Julie Christie stars in a role written for her: the brazen bird Diana Scott, a swinging Londoner who is discovered by a reporter for a street interview, then rises through the European modeling/acting world by sleeping with every man she meets. Laurence Harvey (from The Manchurian Candidate) and Dirk Bogarde are two of the men who use her and vice versa.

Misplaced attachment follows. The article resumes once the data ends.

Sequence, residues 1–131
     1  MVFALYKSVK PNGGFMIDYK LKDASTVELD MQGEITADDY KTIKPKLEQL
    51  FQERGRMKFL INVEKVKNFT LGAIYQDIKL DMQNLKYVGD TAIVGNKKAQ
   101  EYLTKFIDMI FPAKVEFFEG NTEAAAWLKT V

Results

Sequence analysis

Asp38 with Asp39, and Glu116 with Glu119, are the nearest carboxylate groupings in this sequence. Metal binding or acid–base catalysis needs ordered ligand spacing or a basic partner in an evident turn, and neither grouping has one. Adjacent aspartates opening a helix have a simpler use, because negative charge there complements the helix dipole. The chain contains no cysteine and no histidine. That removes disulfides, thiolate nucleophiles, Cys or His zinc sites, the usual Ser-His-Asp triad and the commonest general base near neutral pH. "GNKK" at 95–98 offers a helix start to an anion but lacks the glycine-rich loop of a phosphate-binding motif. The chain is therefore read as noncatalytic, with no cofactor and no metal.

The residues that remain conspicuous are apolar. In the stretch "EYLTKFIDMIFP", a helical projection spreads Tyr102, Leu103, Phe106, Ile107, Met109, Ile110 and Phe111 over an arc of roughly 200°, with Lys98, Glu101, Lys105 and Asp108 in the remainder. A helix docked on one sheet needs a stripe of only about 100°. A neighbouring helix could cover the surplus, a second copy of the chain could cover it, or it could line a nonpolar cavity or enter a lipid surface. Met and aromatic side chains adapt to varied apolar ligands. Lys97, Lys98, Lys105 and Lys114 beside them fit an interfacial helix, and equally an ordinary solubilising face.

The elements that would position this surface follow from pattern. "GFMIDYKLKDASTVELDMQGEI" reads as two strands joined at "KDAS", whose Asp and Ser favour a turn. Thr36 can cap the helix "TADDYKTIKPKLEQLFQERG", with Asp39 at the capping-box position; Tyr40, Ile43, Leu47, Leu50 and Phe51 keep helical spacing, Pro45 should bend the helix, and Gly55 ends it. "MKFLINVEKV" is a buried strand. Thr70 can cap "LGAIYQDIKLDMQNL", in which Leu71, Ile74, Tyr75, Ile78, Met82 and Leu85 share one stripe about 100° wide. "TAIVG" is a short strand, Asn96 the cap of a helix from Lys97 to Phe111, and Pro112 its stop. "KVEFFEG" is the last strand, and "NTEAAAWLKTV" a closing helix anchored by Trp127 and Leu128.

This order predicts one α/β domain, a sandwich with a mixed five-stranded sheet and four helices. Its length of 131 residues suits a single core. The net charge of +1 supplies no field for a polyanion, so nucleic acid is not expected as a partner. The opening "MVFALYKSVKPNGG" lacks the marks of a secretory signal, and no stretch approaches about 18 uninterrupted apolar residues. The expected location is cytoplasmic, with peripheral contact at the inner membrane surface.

Darling exposes the jet-set high society of the mid-'60s with the cynicism and detail of a muckraking documentary. Antonioni and Fellini explored the same milieu, but writer Frederic Raphael is a much sharper and subtler satirist than either. (Raphael is also responsible for Kubrick's Eyes Wide Shut, and Darling's influence on that film is easy to spot). Raphael's script effectively surveys a gallery of posers -- vapid trendsetters, journalists and fashionistas, pretentious artists, and even minor royalty (Diana marries an Italian prince). Though the film drags in a few places, John Schlesinger's direction is generally excellent.
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